1974 – 1981

(Date unknown, c. early 70s)

Interbrass with Gabor Szabo (Budapest: August 12 and 19, 1974): Károly Neumayer (tp); Peter Kantor, Tamás Grünwald (ts); János Másik (el-p); Gabor Szabo (g): Alajos Németh (el-b); Nikosz Pogonatosz (d); István Dely, László Dely (cga); Tamas Berki (vcl).

Csaba Deseö (Budapest: August 12 and 19, 1974): János Réti (p); Gabor Szabo (g); Sándor Vajda (b); Balázs Berkes (b or per); Peter Thoms (d); Csaba Deseö (vln).

Gabor Szabo (Budapest: August 1974): János Másik (el-p); Gabor Szabo (g); Aladár Pege (b, el-b); Imre Köszegi (d,per); István Dely (cga); Kati Kovács (vcl): see Gabor Szabo In Budapest

Gabor Szabo Quartet (Donte’s; Hollywood, California: November 1974): Gabor Szabo (g); Richard Thompson (p), John Smith (b) and Bobby Morin (d).

Leonard Feather reviews a post-Hungarian Szabo performance at Donte’s (during the weekend of 11/8-11/10) for the November 23, 1974, issue of Melody Maker (and in the November 15, 1974, Los Angles Times under the headline “Gabor Szabo Quartet Borders On Boredom”). Szabo’s quartet includes Richard Thompson (p), John Smith (b) and Bobby Morin (d). Feather calls the performance monotonous and accuses Szabo of failing “to live up to the standards of which he has shown himself capable in earlier years.” Songs performed included “Rambler,” the show’s opener, “It’s So Hard To Say Goodbye,” “Mizrab” and Szabo’s “perennial and charming blues theme” (“Comin’ Back”). Feather’s disappointment seemed assuaged by news that Szabo was reportedly rehearsing an octet (sic – septet).

The Perfect Circle (November 1974): Gabor Szabo, Jimmy Stewart (g); Richard Thompson (p), Louis Kabok (b) John Smith or Wolfgang Melz (el-b); Bobby Morin (d); Mayuto [Mailto Correa] (per).

Melody Maker reported on November 23, 1974, that Szabo was forming a new “orchestra” featuring current associates performing with him at Donte’s club – Richard Thompson (p), John Smith (b) and Bobby Morin (d) – as well as three members of his former groups, Louis Kabok (b), Jimmy Stewart (g) and Mayuto [Mailto Correa] (perc). This group came to be known as the Perfect Circle in honor of what Szabo considered the evolution in his music. In a Guitar Player article, Szabo declared that his Hungarian trip “renewed my awareness of my Hungarian Gypsy heritage.” As a result, “I want to merge elements of both my acoustic and electric styles with a return to my musical roots.” Reportedly, the group’s style ranged from light classical touches to blatantly heavy rock.

Since Leonard Feather’s Encyclopedia of Jazz in the 70s lists the Perfect Circle among Szabo’s accomplishments, it was often mentioned in later literature featuring Szabo (especially various obituaries). But with the exception of several performances, the Perfect Circle was a short-lived, unsuccessful union. “It was never really a happy marriage,” remembers keyboardist Richard Thompson. “It was one of those things that sounded like a good idea on paper and in practice it never really did crystallize the way (Gabor) wanted it to. It just never got off the ground.” Subsequently, the Perfect Circle yielded no recordings; but can be heard (ever so briefly) on the soundtrack to the unreleased Gabor Szabo documentary, Rising.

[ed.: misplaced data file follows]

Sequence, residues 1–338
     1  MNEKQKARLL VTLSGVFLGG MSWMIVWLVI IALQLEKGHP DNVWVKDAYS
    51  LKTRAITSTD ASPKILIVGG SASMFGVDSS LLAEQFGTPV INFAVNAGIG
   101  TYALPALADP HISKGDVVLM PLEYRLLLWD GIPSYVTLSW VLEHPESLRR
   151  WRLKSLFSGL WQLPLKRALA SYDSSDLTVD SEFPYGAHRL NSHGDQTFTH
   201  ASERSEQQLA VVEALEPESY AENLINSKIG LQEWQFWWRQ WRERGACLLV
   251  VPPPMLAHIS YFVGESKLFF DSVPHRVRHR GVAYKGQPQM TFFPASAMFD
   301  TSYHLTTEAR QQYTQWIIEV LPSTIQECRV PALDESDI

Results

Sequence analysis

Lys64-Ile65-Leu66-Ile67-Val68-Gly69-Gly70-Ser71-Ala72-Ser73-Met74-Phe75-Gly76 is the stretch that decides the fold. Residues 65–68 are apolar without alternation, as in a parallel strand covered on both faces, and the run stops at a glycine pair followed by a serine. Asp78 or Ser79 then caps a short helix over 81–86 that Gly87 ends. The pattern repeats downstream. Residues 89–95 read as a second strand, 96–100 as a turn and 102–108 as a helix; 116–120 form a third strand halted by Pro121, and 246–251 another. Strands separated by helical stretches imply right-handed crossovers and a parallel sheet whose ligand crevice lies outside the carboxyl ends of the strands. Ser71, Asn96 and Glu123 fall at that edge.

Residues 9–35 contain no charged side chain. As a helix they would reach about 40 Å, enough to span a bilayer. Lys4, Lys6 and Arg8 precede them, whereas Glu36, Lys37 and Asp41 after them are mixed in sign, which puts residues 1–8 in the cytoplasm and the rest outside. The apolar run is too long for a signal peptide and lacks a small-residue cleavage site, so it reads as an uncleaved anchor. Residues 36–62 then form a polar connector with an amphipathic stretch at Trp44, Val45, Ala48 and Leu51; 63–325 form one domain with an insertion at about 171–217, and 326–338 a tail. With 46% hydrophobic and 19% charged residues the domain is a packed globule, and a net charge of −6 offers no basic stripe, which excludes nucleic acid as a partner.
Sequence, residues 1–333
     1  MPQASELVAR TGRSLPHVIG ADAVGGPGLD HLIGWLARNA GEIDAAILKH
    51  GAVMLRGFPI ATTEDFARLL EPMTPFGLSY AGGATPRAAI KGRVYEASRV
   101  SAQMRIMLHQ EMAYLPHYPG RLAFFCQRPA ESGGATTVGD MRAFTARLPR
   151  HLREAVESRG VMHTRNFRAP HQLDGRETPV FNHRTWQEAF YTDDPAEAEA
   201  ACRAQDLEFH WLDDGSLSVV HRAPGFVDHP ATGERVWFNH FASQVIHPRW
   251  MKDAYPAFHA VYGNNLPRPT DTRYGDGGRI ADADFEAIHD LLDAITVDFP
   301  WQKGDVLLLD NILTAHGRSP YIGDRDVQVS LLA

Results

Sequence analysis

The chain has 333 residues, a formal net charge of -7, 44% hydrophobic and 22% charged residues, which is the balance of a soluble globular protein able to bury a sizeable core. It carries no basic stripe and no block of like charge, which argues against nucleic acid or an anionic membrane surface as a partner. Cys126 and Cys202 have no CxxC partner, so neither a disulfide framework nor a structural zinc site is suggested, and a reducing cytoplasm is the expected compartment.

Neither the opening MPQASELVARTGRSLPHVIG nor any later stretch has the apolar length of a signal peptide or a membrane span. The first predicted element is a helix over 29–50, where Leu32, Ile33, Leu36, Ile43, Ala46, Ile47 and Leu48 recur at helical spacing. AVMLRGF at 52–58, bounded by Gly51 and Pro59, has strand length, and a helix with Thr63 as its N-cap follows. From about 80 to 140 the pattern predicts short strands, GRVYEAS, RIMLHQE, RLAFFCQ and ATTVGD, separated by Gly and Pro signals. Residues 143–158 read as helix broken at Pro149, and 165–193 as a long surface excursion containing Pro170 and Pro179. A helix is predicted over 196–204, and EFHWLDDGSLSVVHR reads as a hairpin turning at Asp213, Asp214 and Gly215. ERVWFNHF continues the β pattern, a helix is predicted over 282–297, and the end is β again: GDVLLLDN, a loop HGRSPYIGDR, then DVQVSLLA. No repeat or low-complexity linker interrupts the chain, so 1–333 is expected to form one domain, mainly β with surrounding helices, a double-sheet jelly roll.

Gabor Szabo Quartet (The Banque; Seattle, Washington: 1975): Gabor Szabo (g); Richard Thompson (el-p,p); Wolfgang Melz (el-b); Michael Van Eps (d): see Live At The Banque.

Gabor Szabo Quartet (Summer 1976): George Cables (p,el-p); Gabor Szabo (g); Tony Dumas (el-b); Sherman Ferguson (d).

Szabo’s quartet – an excellent aggregate including topflight musicians George Cables (el-p), Tony Dumas (el-b) and Sherman Ferguson (d) – performs at the Bottom Line in New York City (Variety, 8/8/76) and the Roxy in Los Angeles (Billboard, 9/4/76). At the Roxy, where Warren Zevon was the opening act, songs from the Nightflight album were featured (including “Concorde (Nightflight)”) as well as “Time” and “Macho.”

Gabor Szabo Quartet (Donte’s; North Hollywood, California: October 29-30, 1976): Gabor Szabo (g); Joanne Grauer (p,el-p); Tony Dumas (b); Sherman Ferguson (d): see Live At Donte’s

Gabor Szabo Quartet (North Vancouver, B.C: November 18, 1976): Gabor Szabo (g); George Cables (p): Tony Dumas (b); Carl Burnette (d): see Live At The Old Roller Rink.

George Benson (Metropolitan Museum of Art; New York, New York: May 1977): George Benson (g) prob. acc. by Ronnie Foster (key,synth); Jorge Dalto (p,key); Phil Upchurch (g); Stanley Banks (el-b); Harvey Mason (d); Ralph MacDonald (perc) featuring guests Gabor Szabo, Bucky Pizzarelli, Les Paul (g).

Ira Gitler reports in Jazz Magazine that “chart-busting George Benson” performed a four-concert series in May 1977. During the first evening, a “guitar bash” at the Metropolitan Museum of Art, he performed several of his vocal hits with his group (featuring Jorge Dalto) and then combined with Gabor Szabo to perform “Breezin’.” Gitler indicates Szabo then “played a number on his own, a minor-key Latinate on which he was cut by Dalto.” Benson later performed with Bucky Pizzarelli and Les Paul. All four guitarists then performed “Undecided” and “C Jam Blues,” wherein, according to Gitler, “Benson’s long-lined ideas and effortless swing outdistanced everyone.”

Gabor Szabo Quartet (1977): Bobby Lyle (key); Gabor Szabo (g); Nat Phillips (el-b); Bruce Carter (d): see Carlos Santana: Influences

This quartet was part of the group of musicians who recorded the Faces album with Szabo. This quartet was also featured on the April 1977 Club Date program and may, perhaps, be one of the Szabo groups performing charity concerts for Narconon, a narcotics rehabilitation division of L. Ron Hubbard’s Church of Scientology.

Gabor Szabo (Budapest; January 1978): János Másik (el-p); István Lerch (key?); Gabor Szabo, Gyula Babos (g); Endre Siipos (el-b); Imre Köszegi (d); János Solti (perc): see Gabor Szabo In Budapest Again.

Later in his life, Szabo came to equate his homeland with refuge from the storm of addictions to drugs and alcohol. Most likely, he was also escaping the oppressive demands of the Church of Scientology, too. During the second of his three journeys to Budapest since leaving in 1956, Szabo performed with area musicians and filmed a second Hungarian television special.

Gabor Szabo Quartet (California; late 1978): Richard Thompson (key); Gabor Szabo (g); Greg Lee (b); Bob Morin (d).